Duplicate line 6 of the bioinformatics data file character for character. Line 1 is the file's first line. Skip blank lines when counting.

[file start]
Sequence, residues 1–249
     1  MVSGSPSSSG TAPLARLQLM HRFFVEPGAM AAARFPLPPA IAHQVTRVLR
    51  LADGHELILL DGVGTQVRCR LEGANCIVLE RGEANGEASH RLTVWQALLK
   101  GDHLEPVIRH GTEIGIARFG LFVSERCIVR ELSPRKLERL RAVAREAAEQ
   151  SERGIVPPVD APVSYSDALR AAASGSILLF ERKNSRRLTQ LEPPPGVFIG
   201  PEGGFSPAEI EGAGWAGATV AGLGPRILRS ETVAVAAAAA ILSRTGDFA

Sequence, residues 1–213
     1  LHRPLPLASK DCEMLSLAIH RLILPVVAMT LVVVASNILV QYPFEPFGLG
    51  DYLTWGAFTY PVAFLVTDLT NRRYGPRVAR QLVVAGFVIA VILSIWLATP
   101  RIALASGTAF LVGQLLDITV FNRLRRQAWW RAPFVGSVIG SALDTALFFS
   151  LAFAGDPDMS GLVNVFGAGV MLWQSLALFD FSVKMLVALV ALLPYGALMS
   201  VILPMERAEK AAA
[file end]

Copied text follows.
   201  PEGGFSPAEI EGAGWAGATV AGLGPRILRS ETVAVAAAAA ILSRTGDFA